Was this review helpful to you? 
Recently I decided to take part in an offshore fishing tournament. However, my current kayak has no scupper holes, needless to say, that was out of the question. I was however, able to acquire a Native Mariner, that I have been wanting to try for a quite a while. I had never used a pedal drive before and to be honest I had my doubts about how it would perform.

6:30 AM, I arrived at the Pompano Beach fishing pier and loaded up the Mariner and prepared to drag it the 100 yards or so down to the surf. That 100 yard drag was by far the worst part of the day, because I quickly found out that the Mariners are HEAVY. By the time I finally made it down to the waterline I was exhausted and felt as though I had just ran a marathon and I had 8 or so hours of fishing to now begin. As I pushed through the surf it was still too shallow to use the Propel Drive so I had to break out the paddle and do the only paddling that I would have to do for the rest of the day. Which was good because the Mariner is definitely made to be pedaled and not paddled. It’s a very awkward paddling boat and the rudder controls are next to you and are meant to be used by your left hand so steering with the rudder and paddling at the same time can be a bit tricky. Once I managed to get through the surf I was able to stow my paddle and lower the Propel Drive and start pedaling.

The Mariner took off, and is extremely easy to pedal. It pedals exactly like a bicycle and the water offers virtually no resistance. The rudder controls that made it extremely difficult to steer and paddle at the same time are now your best friend and make steering an extremely easy task. I started exploring the kayak and playing on it a little bit more once I was in some deeper water. For starters the seat is extremely comfortable, it is Native’s patented first class seating system, which is basically a beach chair in a kayak. Behind you it is completely open, so you do have to strap your gear down if you don’t want to lose it, which could be a pain sometimes, but there is a lot of room to strap down a lot of gear, so it’s not all bad.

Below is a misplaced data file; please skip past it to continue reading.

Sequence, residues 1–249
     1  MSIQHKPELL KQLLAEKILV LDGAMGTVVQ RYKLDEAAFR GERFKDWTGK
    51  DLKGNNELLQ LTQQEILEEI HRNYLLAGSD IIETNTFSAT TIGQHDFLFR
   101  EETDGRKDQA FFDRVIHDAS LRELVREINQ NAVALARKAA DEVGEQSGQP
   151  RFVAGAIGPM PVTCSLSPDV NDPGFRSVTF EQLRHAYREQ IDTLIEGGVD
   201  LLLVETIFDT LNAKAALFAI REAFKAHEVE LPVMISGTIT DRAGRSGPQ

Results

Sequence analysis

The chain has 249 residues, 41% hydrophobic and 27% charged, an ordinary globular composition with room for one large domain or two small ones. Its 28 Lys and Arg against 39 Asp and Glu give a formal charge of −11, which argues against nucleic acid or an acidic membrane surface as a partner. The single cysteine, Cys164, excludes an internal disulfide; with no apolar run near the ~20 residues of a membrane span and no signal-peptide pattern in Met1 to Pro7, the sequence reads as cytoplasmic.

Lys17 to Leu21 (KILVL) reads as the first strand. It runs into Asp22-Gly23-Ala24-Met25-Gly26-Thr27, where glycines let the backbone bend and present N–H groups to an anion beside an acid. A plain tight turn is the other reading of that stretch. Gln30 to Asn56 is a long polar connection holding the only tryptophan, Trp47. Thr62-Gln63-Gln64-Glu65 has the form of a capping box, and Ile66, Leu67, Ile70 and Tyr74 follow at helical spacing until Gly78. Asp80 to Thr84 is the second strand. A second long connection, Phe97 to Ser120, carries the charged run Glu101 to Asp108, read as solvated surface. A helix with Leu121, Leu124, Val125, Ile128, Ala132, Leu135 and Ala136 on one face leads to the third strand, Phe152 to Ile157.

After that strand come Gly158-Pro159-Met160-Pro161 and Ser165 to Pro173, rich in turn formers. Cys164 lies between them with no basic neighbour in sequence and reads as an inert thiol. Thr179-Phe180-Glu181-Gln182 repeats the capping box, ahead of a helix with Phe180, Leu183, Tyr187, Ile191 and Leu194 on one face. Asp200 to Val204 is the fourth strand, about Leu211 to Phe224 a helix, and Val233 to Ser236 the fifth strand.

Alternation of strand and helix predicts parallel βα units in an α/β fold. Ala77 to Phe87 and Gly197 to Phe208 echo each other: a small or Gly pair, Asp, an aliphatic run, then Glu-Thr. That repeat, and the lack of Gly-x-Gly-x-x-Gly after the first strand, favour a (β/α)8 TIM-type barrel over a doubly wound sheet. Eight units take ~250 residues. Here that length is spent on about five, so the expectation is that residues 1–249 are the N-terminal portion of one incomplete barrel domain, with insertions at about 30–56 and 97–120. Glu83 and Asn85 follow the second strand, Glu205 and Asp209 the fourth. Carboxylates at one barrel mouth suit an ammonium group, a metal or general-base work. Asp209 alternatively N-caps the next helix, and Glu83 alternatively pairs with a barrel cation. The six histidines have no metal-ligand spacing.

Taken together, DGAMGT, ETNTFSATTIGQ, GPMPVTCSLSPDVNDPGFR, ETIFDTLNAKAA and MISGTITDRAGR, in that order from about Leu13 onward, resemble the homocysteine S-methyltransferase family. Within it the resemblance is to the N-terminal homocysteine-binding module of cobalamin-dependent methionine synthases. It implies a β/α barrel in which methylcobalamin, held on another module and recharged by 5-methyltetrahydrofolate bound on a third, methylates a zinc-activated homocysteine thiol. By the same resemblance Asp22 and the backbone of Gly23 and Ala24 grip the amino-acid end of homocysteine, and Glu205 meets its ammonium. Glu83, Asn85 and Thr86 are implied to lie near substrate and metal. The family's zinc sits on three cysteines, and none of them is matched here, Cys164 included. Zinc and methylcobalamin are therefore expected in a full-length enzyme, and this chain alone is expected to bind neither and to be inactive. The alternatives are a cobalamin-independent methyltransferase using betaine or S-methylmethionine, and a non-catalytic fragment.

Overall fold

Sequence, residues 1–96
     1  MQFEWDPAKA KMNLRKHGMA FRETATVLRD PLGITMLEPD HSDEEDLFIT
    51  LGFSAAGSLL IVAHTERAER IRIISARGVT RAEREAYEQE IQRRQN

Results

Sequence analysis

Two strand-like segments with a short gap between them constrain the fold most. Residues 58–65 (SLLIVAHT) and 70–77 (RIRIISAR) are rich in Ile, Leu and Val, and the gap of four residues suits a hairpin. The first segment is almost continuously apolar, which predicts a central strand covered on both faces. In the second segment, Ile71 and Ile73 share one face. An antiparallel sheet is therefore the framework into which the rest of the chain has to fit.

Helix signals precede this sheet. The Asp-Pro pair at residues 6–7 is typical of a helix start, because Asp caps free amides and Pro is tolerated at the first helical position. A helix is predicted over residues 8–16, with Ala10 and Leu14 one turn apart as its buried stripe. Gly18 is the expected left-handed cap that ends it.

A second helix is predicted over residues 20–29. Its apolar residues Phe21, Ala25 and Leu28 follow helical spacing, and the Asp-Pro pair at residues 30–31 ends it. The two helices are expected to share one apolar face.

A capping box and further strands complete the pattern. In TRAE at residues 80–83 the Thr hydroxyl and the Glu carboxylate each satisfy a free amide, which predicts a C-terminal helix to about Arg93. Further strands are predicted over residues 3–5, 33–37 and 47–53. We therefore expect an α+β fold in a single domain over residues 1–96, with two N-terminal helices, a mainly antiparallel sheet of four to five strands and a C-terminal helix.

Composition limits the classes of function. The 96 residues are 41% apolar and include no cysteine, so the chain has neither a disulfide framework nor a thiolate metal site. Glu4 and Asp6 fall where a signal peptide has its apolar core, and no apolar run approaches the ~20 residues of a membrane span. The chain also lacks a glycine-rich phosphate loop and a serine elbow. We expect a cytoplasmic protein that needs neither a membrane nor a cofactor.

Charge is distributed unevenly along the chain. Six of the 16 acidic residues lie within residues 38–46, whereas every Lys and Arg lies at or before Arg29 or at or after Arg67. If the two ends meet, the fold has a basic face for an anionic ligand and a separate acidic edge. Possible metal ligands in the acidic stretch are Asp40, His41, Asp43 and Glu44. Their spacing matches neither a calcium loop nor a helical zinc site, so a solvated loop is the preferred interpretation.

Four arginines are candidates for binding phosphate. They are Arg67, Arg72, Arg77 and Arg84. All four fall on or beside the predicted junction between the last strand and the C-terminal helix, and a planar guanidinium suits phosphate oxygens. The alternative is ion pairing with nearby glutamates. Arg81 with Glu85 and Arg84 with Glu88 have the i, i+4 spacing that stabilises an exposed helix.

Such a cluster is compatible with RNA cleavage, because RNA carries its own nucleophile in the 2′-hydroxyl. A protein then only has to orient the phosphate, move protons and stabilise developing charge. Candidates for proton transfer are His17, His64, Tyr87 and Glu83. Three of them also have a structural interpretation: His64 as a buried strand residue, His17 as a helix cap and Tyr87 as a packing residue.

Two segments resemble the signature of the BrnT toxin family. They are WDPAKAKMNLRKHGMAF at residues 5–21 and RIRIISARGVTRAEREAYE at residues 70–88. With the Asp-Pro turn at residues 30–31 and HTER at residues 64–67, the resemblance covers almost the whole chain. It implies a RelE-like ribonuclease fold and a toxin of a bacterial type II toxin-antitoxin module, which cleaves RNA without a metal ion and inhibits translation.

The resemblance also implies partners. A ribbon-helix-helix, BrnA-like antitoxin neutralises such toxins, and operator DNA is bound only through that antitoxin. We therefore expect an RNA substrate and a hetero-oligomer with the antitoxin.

I decided to test the stability and see if the Mariner could live up to the expectations that I had due to the stability of my Native Ultimate. I found it to be more stable than the Ultimate, which I thought was impossible.

The front hatch opens up and the entire length of the boat can be used as dry storage, you can easily fit rods/reels, camping gear and anything else you could imagine inside. However when on the water it could be a challenge to climb over the pedal drive to get to it, but hey it’s a pretty stable yak so I’m sure it could be done.

After spending all day on the water I pedaled back to shore, still full of energy which is uncommon after 8 hours on the water. Once on shore I prepared myself mentally for the 100 yard drag to the top of the beach, which took all of the energy out of me. I loaded up the yak and left the beach impressed at how it had performed.

It comes in a 10ft model and a 12.5ft model. They aren’t cheap but are definitely worth a try if you can get your hands on one. I know I will be adding one to my fleet soon.
Overall rating 
 
4.4
Speed 
 
5.0
Stability 
 
4.0
Durability 
 
4.0
Features 
 
5.0
Value 
 
4.0
James Van Pelt Reviewed by James Van Pelt May 13, 2013
Last updated: May 13, 2013
Top 100 Reviewer  -   View all my reviews (2)

Aren’t cheap but are definitely worth it!